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Competitive swimming is booming in Puerto Rico and Jesse Vassallo is the reason.
Vassallo, now residing in Miami with his mother and two younger brothers, began his swimming career with Club Deportivo de Ponce in his native Puerto Rico, where he lived until he was 11. Now, he is the most successful swimmer ever from that Caribbean island.
The third and most acclaimed in a family of five swimming sons. Vassallo first gained U.S. recognition as a member of the Mission Viejo Nadadores when he captured the 400-meter individual medley in 4:28.34 at the 1976 Outdoor Championships only days after his 15th birthday. In the five years since. Vassallo has established a reputation with his exceptional performances in the IMs and the brothers needed.
Vassallo's father--who was hit by a car and killed a few years ago when crossing a Miami street--decided to move his family to Florida from Ponce, the largest city in southern Puerto Rico, for two reasons: He wanted to provide his sons with an opportunity to become fluent in English, and he was looking for a swim club that would develop their aquatic skills. At that time Puerto Rico did not provide the competition that the rapidly improving Vassallo brothers needed
"My father wanted us to learn to speak English well. He chose Miami because we had other family and friends there. He was also looking for a strong swim club. Swimming is great, but sometimes I feel like all the time I spend in the water not speaking at all holds me back as far as perfecting my English." Vassallo, who speaks clearly and with only a slight accent says.
After moving to the States, the Vassallos joined the Miami Hurricanes Swim Club. The two youngest brothers. Vincent, now 17, and Salvador, 12, are still members of the Hurricanes and are coached by Bill Diaz. Jesse's mentor at the University of Miami.
A couple of years after the family settled in Miami, Jesse enrolled at the Jack Nelson Swim Camp for a summer. Jesse's progress there convinced his father that the up-and-coming swimmer needed a more ambitious program.
Simultaneously, Mission Viejo began to produce the steady stream of champion that has been coming out of the Southern California-based club since the early 1970s. After seeing and hearing about Nadadore swimmers. Vassallo's father decided to uproot his family once more and to head for California, where his sons could swim with Mission Viejo coach Mark Schubert.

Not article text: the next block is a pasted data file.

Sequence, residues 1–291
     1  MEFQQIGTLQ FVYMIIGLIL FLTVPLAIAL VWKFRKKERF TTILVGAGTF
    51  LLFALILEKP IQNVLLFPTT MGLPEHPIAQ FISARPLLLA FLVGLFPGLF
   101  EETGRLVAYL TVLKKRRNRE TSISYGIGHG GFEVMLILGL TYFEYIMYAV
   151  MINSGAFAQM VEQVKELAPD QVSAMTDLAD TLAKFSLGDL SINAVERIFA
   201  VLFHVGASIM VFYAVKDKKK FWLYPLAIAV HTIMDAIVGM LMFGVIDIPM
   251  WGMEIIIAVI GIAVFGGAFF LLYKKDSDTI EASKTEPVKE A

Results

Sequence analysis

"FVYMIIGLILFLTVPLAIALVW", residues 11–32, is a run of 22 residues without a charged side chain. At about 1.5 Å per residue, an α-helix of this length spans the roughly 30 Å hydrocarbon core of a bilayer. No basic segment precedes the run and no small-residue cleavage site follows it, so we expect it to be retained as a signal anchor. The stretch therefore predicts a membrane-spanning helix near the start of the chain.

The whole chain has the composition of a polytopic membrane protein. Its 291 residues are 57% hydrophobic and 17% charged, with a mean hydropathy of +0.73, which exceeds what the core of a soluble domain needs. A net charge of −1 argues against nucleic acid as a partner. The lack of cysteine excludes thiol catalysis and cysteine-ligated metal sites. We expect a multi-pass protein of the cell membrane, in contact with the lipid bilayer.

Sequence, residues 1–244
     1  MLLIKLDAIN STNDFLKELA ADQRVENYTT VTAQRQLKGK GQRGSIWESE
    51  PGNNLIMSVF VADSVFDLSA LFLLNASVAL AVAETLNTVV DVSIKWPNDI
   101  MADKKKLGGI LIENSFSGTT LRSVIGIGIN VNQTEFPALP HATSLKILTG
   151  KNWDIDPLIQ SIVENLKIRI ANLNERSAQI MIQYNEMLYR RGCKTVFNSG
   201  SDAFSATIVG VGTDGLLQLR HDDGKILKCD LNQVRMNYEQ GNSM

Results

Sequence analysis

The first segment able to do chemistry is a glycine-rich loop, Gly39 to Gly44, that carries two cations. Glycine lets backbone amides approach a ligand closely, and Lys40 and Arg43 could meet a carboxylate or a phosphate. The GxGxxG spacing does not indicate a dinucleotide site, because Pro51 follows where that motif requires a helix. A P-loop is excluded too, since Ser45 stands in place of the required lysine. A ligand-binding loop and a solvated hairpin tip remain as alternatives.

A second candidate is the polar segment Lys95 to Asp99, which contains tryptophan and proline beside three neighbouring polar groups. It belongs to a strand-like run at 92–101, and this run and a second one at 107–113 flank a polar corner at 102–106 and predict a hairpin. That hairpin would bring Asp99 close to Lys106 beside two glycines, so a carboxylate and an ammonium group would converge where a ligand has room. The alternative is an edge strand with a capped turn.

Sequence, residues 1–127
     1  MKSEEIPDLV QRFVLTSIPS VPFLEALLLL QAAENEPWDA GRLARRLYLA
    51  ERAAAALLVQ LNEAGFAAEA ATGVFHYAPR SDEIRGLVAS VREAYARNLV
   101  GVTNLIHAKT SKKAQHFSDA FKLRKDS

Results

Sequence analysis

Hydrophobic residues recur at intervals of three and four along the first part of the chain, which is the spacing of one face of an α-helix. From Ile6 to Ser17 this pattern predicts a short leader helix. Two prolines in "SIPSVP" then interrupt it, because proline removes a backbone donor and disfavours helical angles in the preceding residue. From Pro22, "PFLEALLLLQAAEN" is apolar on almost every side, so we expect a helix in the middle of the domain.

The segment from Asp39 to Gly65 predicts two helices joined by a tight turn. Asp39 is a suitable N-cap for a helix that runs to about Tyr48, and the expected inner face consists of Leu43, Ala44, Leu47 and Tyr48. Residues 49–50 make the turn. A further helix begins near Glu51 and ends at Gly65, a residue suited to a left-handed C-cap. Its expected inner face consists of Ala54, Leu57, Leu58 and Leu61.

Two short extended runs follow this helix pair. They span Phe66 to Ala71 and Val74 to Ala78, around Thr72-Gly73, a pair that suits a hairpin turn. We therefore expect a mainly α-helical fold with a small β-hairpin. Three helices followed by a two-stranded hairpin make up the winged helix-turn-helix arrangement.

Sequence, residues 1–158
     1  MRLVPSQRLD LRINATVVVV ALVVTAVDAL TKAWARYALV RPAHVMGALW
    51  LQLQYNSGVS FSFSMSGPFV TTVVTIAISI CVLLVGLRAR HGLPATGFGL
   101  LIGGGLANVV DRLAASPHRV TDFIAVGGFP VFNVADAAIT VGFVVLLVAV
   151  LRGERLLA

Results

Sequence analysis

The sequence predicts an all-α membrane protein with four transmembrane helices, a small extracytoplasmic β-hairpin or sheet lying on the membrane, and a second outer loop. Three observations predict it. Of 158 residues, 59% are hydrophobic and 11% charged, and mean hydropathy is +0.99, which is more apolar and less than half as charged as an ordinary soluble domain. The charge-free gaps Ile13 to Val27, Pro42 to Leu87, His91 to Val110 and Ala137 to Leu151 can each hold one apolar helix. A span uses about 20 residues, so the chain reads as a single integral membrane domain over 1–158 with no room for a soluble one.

Under Schubert's cautious guidance, Jesse improved enough in his first year to qualify in the spring of 1976 for the first Short Course nationals at Long Beach's Belmont Plaza. The swimming world had only six months to prepare itself after the diminutive ninth-grader's first performance in a major competition at the end of the following summer, Vassallo swam to his first national championship at Philadelphia's Kelly Pool.
"By deciding to move the family to Mission Viejo, my father gave us the chance to become better swimmers. It's because of him that I improved so fast. Then his death came and we all decided to make ourselves better swimmers because he wanted that. That's been our inspiration." Vassallo says.
Swimming is the favorite sport of all the Vassallos. In fact, Jesse is the second member of the family to receive a scholarship for his prowess in the water: Victor, who also enjoyed some success as a backstroker, received one from the University of Texas.
For the recently retired Victor, sibling rivalry with Jesse has never been intense. Even when the brothers were on opposing squads at the 1979 Pan Am Games, with Jesse representing the United States and Victor swimming with the host Puerto Rican team, the two were each other's biggest boosters.
That meet marked Jesse's first swim in his native land since his family had left it seven years previously. Sporting yellow "Vassallo" t-shirts, friends and relatives led the crowd in "Viva Vassallo" cheers, while Jesse rode the waves to a world-record 2:03.29 in the 200-meter IM.
I was a little nervous about swimming in Puerto Rico, a little unsure how the people would like me. My father left partly because the teams there didn't provide what we needed, and so when I went back for the United States I didn't know what to expect. They were great. Once I got there I knew I wanted to swim super fast for the people and my family." Vassallo said.
After his 1978 graduation from Mission Viejo. Vassallo stayed in California for a year, attending Saddleback Junior College in hopes that the extra schooling would help his English so that he could move on to a major swimming school without
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